Visit Portsmouth College to find more about the apprenticeships they offer. 

Visit Highbury Colleges Apprenticeship page

Portsmouth Council Careers Apprenticeship page

Use the GOV.UK website to find an apprenticeship.

Click here to read Disability Rights UK guide to apprenticeships for disabled people.

Supported Internships - for young people with EHCPs

A supported internship is a study programme for young people aged 16-24 with an Education, Health and Care Plan (EHCP). They last between 6 and 12 months.

The aim of a supported internship is to prepare young people with SEND for paid employment.

The course is split between the workplace and college and it gives on job based training with a local employer and a job coach to provide the young person with extra support.

On a supported internship, the young person is expected to require a higher level of support than a trainee or apprentice and will be offered workplace support in form of a job coach, as well as support for other learning.

Who can apply?

To start a supported internship, you must be aged between 16 and 24 and have an EHCP. There are usually no entry requirements.

To find a supported internship in Portsmouth visit one of the links below:

Portsmouth College Supported Internships

Highbury College Supported Internships

NHS Project Choice Supported Internships

Click here to read Preparation for Adulthood’s Easy read guide to supported internships

Requesting a post-16 setting when you have an Education Health and Care Plan

A Young person with an EHCP can stay in education until the age of 25 if their needs require them to. This means the EHC plan can stay in place if they still have needs and while they are in further education, training or supported internship, or if they are on an apprenticeship.

If you have an Education Health and Care Plan the Local Authority have to send you an amended plan naming your new post-16 education provider by the 31st March in the year you are due to start.  This means that you will find if you have a place on your post-16 course sooner than the majority of young people without EHCPs.

In the Autumn term ( sometimes sooner) your school will hold a transfer review. A meeting will be held and everyone will talk about your move to the next stage of your education. You will also get the chance to tell the Local Authority which post-16 setting you’d like to go to.

If you are not sure you can ask for some careers support before your meeting to help you decide. We have a specialist careers advice service in Portsmouth. Click here to find out more.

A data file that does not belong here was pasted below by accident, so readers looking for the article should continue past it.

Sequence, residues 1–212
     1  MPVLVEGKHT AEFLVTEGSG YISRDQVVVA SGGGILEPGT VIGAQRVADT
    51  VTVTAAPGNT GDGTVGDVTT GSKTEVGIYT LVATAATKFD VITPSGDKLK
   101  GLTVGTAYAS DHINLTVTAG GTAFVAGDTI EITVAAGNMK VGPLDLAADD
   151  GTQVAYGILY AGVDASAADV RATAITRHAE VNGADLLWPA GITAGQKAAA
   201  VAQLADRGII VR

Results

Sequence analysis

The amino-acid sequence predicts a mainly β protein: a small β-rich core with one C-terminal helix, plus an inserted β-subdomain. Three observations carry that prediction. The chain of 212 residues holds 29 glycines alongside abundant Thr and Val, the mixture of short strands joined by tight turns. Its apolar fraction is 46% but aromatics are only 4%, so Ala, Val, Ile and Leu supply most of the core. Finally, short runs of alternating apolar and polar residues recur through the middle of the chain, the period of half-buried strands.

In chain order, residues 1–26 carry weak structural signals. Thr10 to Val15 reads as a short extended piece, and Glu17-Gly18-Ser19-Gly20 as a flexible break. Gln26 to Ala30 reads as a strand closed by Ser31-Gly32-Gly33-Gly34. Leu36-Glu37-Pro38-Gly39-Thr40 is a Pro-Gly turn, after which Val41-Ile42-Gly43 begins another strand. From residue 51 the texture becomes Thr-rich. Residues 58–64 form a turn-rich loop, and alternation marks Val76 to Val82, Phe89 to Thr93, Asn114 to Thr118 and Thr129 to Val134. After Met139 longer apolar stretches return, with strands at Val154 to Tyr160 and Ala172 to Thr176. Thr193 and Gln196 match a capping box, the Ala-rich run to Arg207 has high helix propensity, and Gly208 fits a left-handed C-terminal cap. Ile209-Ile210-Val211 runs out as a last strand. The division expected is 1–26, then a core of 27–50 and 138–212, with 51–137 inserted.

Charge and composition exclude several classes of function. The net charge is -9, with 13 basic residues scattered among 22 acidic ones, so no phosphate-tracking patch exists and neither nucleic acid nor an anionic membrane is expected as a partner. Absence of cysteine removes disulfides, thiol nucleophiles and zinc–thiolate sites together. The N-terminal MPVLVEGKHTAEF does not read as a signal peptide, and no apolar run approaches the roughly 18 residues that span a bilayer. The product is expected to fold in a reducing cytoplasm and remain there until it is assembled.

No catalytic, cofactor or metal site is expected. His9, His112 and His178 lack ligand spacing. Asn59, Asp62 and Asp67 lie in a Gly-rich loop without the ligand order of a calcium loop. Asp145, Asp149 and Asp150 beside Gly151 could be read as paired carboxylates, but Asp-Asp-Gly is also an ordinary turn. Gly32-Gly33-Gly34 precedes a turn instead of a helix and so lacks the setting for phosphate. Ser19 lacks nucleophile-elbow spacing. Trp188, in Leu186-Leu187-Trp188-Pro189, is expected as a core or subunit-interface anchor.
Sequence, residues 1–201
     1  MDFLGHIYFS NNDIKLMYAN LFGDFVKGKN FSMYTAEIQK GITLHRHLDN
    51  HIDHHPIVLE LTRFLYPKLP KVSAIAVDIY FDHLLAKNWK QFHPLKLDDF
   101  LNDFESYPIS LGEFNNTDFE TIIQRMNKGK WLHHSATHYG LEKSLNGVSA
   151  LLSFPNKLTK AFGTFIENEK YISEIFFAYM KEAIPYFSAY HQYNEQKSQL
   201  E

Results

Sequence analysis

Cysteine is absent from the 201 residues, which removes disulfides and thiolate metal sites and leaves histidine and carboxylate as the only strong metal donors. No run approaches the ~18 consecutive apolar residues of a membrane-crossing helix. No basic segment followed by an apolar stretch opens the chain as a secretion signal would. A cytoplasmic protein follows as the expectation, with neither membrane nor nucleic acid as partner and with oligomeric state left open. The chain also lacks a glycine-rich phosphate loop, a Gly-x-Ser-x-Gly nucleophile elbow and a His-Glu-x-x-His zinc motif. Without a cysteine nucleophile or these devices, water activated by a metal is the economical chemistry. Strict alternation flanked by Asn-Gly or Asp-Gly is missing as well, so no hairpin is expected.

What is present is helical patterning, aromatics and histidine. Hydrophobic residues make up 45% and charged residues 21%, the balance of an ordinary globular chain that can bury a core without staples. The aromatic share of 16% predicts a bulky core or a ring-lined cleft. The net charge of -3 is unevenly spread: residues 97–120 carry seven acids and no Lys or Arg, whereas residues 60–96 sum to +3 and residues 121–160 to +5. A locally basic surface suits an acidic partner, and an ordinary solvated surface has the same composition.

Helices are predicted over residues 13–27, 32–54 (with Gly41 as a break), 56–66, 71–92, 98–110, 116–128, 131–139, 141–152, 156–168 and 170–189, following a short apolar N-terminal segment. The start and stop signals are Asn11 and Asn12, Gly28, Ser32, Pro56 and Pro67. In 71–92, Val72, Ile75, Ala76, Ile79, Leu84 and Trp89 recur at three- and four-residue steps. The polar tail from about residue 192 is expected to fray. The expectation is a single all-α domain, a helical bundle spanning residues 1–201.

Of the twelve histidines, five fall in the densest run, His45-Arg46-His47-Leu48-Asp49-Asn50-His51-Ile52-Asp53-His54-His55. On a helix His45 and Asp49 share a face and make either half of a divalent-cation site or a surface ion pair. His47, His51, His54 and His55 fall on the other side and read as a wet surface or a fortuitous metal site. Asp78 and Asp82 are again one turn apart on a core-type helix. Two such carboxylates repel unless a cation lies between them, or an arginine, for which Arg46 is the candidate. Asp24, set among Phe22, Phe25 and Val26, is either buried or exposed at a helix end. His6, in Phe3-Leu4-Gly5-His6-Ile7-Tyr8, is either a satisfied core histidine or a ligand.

National Careers Service – Options for Young People with an EHCP Guidance

Post-16 special schools and colleges

In Portsmouth a small number of students attend special schools to complete their post-16 education. These are settings  for young people with special needs only, although lots will work with young people to help them form a link with local mainstream colleges.

Most young people who go to a special college or sixth form have an EHCP.

In Portsmouth City we have a number of young people attending the following post-16 settings:

Mary Rose School – Post-16 – Mary Rose have number of classes including ” The Lantern” which caters for young Autistic people. Mary Rose Academy (Solent) – The Lantern (maryrose-academy.net)

To see a national list of post-16 specialist colleges you can follow the link below.

Special education colleges, education for 16+ – Which School? for Special Needs (specialneedsguide.co.uk)

 

Careers Advice and Support for young people with SEND

Careers advice and guidance can help to explain the different choices and options available, and suggest opportunities for young people to consider before they make decisions about their future employment or careers.

In Portsmouth local secondary schools offer support and guidance on future plans and next steps towards getting a job or choosing a career.

Specialist Careers Guidance

We also have the specialist specialist careers guidance  team for young people aged 16-25 with special educational needs and disabilities. Click here to find out more.

National Careers Service

The National Careers Service provides information, advice and guidance to help you make decisions on learning, training and work opportunities. The service offers confidential and impartial advice. This is supported by qualified careers advisers. Click here to find out more.